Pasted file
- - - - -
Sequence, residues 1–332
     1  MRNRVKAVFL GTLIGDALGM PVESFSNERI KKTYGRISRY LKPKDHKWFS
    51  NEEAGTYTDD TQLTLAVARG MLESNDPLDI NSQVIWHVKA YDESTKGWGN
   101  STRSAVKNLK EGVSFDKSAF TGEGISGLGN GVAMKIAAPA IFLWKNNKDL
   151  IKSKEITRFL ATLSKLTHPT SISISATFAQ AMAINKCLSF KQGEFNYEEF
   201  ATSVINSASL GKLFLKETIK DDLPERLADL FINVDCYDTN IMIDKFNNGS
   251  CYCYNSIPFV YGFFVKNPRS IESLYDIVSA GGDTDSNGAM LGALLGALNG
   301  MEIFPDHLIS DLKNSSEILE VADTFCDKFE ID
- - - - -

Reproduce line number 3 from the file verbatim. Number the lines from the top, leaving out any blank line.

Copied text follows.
    51  NEEAGTYTDD TQLTLAVARG MLESNDPLDI NSQVIWHVKA YDESTKGWGN